NINETEEN years in business and seven restaurants to boot – now that's a mean feat for any restaurateur.
But this is what husband-and-wife team Yeong Hooi Wing and Low Siew Luan have done and achieved.
Though these are no easy achievements, Yeong and Siew are not yet resting on their laurels as they believe they can do much more to grow the vegetarian food industry.
Their business started in 1986 when they opened Chameleon (Beancurd) Vegetarian Restaurant in Jalan Putra, Kuala Lumpur.
Years later, they expanded their business and opened Nanking Court Vegetarian Restaurant in Section 19, Petaling Jaya.
Currently, Ahimsa Group Sdn Bhd, which they set up, has outlets in Kuala Lumpur, Taman Desa, Old Klang Road and Petaling Jaya.
It even has its own factory that manufactures ingredients to be supplied to the seven outlets.
“From what I saw over the years, we have not stopped for a minute,” said Low.
“We have been constantly making our food and products better to meet international standards,” she added.
What's important to them is that their customers get to try new dishes and enjoy a refreshing new dining experience each time they patronised the various outlets.
She said there were times when she had to stick by her principles and refused to use certain ingredients that were in great demand but not totally vegetarian.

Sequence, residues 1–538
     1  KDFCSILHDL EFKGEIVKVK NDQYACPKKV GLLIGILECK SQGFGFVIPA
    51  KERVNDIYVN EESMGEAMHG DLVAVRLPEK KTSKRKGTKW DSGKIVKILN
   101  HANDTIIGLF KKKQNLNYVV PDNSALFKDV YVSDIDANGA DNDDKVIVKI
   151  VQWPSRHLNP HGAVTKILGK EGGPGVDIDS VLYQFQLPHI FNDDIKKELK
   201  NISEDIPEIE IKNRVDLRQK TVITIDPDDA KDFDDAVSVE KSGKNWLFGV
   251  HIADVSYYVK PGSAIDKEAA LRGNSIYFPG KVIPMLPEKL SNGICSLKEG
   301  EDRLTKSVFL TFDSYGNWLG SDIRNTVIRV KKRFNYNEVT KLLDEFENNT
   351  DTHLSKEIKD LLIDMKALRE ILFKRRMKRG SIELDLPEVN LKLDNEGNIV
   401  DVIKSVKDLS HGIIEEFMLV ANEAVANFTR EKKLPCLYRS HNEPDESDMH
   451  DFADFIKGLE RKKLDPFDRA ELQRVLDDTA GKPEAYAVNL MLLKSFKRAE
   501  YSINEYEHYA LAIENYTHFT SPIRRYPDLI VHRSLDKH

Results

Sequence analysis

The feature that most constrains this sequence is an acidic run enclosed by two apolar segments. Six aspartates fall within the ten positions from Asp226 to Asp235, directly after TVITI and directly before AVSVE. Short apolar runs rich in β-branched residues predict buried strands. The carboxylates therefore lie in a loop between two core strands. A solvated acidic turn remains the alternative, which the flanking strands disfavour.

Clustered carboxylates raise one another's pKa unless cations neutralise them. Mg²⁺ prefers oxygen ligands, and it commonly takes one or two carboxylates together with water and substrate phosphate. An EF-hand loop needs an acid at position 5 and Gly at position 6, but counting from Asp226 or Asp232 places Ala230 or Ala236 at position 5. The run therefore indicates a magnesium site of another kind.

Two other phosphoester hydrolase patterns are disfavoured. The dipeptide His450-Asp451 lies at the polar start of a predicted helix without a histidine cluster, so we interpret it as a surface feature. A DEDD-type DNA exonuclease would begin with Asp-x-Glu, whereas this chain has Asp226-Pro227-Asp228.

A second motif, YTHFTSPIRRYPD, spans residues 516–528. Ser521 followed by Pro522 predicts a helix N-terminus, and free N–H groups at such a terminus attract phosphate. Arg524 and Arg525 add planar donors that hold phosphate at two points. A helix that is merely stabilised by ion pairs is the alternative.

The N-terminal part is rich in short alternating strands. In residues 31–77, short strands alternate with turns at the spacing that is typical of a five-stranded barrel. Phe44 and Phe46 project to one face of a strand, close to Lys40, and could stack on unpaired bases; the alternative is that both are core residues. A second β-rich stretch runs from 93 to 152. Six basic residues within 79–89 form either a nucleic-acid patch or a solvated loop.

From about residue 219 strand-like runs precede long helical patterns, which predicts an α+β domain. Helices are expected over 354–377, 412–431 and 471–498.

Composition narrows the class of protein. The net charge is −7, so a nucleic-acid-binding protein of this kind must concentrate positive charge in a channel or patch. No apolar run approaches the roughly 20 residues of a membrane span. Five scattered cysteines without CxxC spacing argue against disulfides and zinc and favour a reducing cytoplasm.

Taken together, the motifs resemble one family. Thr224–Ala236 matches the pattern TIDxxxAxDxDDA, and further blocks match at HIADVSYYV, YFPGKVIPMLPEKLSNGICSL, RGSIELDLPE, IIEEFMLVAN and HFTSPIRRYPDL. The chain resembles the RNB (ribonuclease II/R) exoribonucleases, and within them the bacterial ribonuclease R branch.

“We research on the texture, recipe and hygiene of our products and improve and test them thoroughly to see how long they can last so that their nutrients are still retained when served,” she said.
Low said the five main ingredients used in their cooking are seaweed, soy-based products, organic plants, mushrooms and oat.
Nanking Court has several speciality dishes such as the Sharkfin with Crabmeat, Rice with Smoked Meat, Four Season Combo, Famous Monkey Head Mushroom and Fried Marble Glory Fish.
The Fried Marble Glory Fish is one of Nanking Court's special dishes. It is made of wheat-based ingredients, seaweed and sugar cane, which gives the dish its sweetish flavour.
A unique dish with an interesting name is the Famous Monkey Head Mushroom, which has chunks of mushrooms that resemble the monkey's head.
This said Low was complemented with herbal soup, which helped balanced the slightly bitter taste of the mushrooms.
Low said the mushrooms were rare and they used to be only available In the courts of ancient China,
Ahimsa Group Sdn Bhd sales and marketing manager Normalis Mohd Nor said the company was using local and Thai expertise to research on its products and make them as close to the real food as possible.
“We have applied the halal status for all our outlets because we want to promote vegetarian food among the Malays as well.
“Most Malays eat more meat than vegetables,” Normalis said.